I’m liking the idea of using the current motors and chain for support and
movement, and Kevlar cord running from the sled to the bottom corners for
position encoding. The tension on the measuring cords would also serve to
reduce sag in the chain, and thus improve accuracy in the bottom corners.
sag in the chains wouldn’t matter as we are positioning based on the measuring
I’m visioning it something like this: one end of cord on another ring or
linkage at the bottom of the sled, going to a very small pin or pulley beyond
bottom corner (mirroring motor placement?), then up to encoder shaft/spool
mounted on top bar (axis parallel to top bar), two turns around encoder shaft,
then down to a weighted pulley, then up to anchor point on top bar.
have some sort of cap on the router so that the measuring cords can attach to
the top of the router directly above the bit.
the encoders should be above the workpiece so that they are less likely to catch
sawdust and chips.
We can save money by using relative encoders rather than absolute,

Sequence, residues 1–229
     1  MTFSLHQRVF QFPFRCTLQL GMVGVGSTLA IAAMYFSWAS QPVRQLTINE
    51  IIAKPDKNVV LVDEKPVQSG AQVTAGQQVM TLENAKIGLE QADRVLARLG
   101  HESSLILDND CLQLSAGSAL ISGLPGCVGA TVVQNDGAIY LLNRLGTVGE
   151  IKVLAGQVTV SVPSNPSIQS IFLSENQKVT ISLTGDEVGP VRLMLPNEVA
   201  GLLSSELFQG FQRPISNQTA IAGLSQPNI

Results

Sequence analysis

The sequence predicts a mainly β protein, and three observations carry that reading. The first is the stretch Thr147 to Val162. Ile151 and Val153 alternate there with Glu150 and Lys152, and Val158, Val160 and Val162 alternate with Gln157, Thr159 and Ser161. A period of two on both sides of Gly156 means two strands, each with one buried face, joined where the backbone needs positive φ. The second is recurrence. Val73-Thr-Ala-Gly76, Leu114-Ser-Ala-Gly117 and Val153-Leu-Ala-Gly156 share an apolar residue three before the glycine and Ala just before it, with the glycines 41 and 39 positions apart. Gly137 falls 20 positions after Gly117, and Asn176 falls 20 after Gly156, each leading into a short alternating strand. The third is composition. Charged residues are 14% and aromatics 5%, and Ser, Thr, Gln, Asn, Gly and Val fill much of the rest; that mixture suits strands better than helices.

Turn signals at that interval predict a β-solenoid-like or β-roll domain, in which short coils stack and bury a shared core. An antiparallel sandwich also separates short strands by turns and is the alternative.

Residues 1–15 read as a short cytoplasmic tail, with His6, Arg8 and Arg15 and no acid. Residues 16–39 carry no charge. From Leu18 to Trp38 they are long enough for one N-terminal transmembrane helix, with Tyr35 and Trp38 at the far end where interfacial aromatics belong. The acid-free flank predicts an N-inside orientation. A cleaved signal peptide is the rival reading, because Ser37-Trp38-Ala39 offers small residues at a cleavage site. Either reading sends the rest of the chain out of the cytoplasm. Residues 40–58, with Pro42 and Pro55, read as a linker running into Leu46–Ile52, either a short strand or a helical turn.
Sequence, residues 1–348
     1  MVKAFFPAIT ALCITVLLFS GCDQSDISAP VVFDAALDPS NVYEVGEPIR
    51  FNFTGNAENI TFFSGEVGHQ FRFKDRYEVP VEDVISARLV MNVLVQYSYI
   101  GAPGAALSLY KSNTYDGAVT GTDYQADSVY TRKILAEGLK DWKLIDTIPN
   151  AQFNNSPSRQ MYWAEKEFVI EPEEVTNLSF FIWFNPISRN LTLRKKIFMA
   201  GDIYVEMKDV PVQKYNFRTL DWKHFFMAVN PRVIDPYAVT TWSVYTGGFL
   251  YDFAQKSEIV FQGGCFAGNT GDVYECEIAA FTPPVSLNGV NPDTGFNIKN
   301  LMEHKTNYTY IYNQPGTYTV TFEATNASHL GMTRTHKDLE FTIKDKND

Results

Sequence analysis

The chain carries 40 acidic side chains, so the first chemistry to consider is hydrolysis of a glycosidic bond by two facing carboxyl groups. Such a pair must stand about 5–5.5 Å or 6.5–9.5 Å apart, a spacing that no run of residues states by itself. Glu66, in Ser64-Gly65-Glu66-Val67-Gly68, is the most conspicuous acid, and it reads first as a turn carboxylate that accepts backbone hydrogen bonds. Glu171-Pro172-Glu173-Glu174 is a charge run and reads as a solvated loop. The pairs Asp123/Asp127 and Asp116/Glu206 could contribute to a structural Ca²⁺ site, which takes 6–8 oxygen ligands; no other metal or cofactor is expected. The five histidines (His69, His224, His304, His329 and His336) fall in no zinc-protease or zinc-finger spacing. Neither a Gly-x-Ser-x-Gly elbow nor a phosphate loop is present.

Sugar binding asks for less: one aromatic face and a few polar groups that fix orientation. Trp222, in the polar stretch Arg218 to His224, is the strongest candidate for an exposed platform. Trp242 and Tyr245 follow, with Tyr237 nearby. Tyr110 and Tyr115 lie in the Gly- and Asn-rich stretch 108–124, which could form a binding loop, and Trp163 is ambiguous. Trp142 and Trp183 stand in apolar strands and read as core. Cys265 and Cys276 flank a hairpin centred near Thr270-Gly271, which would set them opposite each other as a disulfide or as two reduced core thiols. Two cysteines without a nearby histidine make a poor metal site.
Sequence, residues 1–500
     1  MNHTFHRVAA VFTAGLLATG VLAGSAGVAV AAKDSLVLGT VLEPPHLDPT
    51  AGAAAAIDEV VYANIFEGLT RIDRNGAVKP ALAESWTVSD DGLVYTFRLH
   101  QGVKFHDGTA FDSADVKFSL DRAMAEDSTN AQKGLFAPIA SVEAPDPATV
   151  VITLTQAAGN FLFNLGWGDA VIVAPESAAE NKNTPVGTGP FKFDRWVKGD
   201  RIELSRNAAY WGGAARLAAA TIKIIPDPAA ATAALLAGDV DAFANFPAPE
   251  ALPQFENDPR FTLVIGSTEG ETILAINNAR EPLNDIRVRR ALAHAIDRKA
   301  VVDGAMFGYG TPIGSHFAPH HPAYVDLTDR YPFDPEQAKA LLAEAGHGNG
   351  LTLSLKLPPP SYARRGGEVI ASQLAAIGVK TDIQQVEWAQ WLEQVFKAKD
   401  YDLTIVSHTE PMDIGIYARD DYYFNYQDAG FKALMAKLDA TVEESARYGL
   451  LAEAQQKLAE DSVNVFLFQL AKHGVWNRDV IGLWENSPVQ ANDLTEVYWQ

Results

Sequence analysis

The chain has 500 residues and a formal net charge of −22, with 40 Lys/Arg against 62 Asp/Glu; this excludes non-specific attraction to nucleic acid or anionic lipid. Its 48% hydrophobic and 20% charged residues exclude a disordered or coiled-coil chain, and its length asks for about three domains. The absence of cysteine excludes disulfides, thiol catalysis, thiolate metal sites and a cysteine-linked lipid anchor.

the difference in cost between relative and absolute encoders is pretty small.
This would also get the measuring cords out of the way while loading and unloading sheet stock…
so would having them above the workpiece, and there they would be out of the way
of chips as well.
One problem I see with the thought of driving the sled with a triangle above,
and locating it with a triangle below, is that the opposite corner vectors
will seldom be collinear. I can imagine a scenario when the sled is somewhat
off-center, and the direction of motion desired is collinear with one of the
sensor vectors, but not collinear with either of the chains, so the intuitive
use of the bottom right sensor encoder to control the top left motor by simply
flipping the sign in the current code would fail.
the control is not that trivial, you don’t control the left motor based on the
right encoder, you use the encoders to figure out where you are and then power
the motors to move you towards where you want to be.